Oh lord, I've gotten behind with my posting. Today is Day 10 of my 40 Works In 40 Days project, but I still haven't posted days 8 or 9. I actually wanted to post day 8 by itself because it was pretty significant to me. So this is about day 8, which was Wednesday October 31. Halloween.
I have mentioned lately about my worries about my job-quitting-decision/situation/money a million times over. It has been something I have not been able to shake. I wake up in the middle of the night thinking about how if I had just toughed it out at my day job, I would have all this money to pay all my bills and buy things and put money in savings and life would be great. But then I think about the person that that job was turning me into and it helps ease the thoughts about money. My worrying has obstructed my creative process in a HUGE way. How can creative thoughts flow freely when a thousand worries are flying around your head at warp speed? They just can't.
So on Halloween, way late into the night, I started making a list. I made a list first (and most important by far) of things I was grateful for. Even stupid things, like finding a quarter on the ground that allowed me to complete a full cycle of laundry. Life is about the little things. Then I made a list of things I did not miss about my day job and about the bitchy (sorry, don't mean to offend anyone) person it had turned me into.
Then I decided to start on my day 8 art. So for the past few weeks or so, I have been working on multiple logos for people who have contacted me saying they like my work and want me to design a logo for them. Maybe one of the most flattering things ever. So I said yes to all of them. First thing I've learned: take a deposit. Because some not-so-awesome people just take your design and disappear. Neat! Too bad for them I have a close friend who is an attorney and emails count as a contract. Second thing I learned: I don't think logos are for me. While I try to have thick skin, when someone returns your design to you upwards of 20 times asking for changes/alterations/remove this/add that... it really makes you doubt your abilities. I don't like it. I work like an explosion and don't like anyone telling me what to do and not do.
Aaaanyway, back to day 8. After making "the list," I flung paint and ink EVERYWHERE because I was so frustrated about EVERYTHING. And by everywhere I mean I'm pretty sure I lost the security deposit I put down on this apartment, if I ever decide to move. After that, I decided to use some of the inspiration/sketches from various logo projects. Just glue them down and make marks and paint stuff and not worry about what people think. It felt amazing.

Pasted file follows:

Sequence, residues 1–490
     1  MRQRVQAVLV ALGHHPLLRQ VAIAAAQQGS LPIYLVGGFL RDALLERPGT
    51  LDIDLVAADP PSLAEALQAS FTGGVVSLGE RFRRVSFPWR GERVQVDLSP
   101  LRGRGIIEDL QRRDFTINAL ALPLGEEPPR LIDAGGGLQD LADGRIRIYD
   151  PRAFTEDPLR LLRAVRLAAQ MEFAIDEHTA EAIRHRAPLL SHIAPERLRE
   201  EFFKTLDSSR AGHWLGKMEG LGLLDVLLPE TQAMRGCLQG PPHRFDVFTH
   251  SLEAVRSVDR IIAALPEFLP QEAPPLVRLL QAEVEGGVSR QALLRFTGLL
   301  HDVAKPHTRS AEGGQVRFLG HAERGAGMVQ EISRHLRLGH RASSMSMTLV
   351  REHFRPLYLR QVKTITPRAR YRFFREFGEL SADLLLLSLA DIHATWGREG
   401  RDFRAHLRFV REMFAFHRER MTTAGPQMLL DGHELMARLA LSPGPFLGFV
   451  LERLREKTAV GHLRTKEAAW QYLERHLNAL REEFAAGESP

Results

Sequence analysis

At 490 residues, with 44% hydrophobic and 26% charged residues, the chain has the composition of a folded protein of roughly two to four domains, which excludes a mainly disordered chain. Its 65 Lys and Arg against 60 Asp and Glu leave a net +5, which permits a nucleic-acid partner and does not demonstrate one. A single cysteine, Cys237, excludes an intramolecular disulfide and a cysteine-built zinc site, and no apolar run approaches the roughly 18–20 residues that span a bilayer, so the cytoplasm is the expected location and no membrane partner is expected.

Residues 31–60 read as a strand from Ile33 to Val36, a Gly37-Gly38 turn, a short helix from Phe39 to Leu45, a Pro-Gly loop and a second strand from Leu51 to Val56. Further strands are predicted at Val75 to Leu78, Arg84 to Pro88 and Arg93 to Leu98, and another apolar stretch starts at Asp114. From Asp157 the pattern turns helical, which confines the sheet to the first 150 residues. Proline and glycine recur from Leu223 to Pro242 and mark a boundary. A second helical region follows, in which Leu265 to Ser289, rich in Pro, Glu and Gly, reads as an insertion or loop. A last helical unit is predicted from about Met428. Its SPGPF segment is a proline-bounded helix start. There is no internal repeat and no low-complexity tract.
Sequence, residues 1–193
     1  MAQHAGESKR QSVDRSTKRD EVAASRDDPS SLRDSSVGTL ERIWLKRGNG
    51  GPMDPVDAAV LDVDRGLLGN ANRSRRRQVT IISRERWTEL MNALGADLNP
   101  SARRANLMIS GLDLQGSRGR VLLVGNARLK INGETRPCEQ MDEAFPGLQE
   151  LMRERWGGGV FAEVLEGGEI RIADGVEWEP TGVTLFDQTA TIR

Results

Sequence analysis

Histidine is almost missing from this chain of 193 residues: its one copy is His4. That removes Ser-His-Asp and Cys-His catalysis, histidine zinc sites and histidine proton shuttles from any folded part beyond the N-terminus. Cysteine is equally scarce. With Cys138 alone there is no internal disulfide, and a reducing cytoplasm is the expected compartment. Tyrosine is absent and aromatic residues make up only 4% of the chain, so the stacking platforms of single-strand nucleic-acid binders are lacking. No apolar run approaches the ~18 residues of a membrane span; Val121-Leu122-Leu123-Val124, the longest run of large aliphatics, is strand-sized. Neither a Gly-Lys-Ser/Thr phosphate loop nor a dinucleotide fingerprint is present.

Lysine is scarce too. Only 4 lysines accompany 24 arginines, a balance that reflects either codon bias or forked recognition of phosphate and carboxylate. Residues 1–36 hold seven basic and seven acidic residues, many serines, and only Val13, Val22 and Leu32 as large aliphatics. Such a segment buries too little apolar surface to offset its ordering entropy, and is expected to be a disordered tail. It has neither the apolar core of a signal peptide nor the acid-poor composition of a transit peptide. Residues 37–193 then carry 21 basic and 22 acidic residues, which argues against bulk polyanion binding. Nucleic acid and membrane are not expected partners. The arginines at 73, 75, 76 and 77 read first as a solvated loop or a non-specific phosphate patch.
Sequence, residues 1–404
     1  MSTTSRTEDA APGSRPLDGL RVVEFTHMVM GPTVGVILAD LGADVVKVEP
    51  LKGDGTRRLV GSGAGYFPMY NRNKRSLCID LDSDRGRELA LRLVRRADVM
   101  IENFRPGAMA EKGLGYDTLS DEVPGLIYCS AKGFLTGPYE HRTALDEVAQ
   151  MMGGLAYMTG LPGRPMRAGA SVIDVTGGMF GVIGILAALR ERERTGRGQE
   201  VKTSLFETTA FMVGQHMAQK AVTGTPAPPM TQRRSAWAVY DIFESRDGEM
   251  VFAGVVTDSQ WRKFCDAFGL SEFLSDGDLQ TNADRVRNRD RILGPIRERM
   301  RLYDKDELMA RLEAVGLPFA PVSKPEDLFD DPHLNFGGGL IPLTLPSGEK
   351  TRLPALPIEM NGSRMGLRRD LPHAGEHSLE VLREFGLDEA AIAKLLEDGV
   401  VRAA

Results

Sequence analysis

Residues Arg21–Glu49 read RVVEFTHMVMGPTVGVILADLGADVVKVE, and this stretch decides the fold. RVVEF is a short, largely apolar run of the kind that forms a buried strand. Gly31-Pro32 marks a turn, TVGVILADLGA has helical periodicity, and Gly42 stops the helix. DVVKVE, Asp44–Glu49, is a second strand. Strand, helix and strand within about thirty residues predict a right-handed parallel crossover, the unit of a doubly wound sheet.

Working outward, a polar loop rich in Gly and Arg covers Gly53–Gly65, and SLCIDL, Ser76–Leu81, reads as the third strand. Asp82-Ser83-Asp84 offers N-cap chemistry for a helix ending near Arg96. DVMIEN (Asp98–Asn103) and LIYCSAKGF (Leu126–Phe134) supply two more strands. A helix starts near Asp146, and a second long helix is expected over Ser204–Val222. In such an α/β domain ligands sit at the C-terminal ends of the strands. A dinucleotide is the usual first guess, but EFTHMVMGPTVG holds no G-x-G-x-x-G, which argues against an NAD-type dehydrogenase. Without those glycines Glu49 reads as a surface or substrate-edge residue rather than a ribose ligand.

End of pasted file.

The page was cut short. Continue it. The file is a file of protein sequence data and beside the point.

Random sidenote: if anyone recognizes the face in this work, it's from a sketch from a clothing line project I've been working on whose owner is amazing and exempt from my rants :)
So if you are still reading (yes I know I'm long-winded), after I went to sleep on day 8 and woke up on day 9, I decided to stop worrying about EVERYTHING. No matter what happens, I will be fine. The purpose of this project was to make me think and make me realize that I want this SO BADLY. So yesterday and today, the floodgates have opened and I cannot create art fast enough. It's almost 1am and I am already excited to wake up tomorrow and start on the things that I won't have time to finish today.
Here are a couple works that were borne once I removed my negative thoughts:
Both of course available in my Etsy shop. But the ideas I have are pouring out like a dam is breaking, like what happened when I very first quit my job, before all the worrying set in. It's like I'm renewing my faith in why I know this will work.
Sometimes I feel like I'm the crappiest most wannabe blogger ever because so much stuff goes on in my head and I try to talk about it and people just must think, "What the hell?" But I guess that's just me. I'm the idiot who quit my job with the comfortable salary to live a zero-guarantee life of making and selling things that I create.
I know that I'm not an idiot. But everyone has inner battles. This project (and also the job-quitting experience) has taught me more since September 7 than I have learned in my entire 29 years of existence.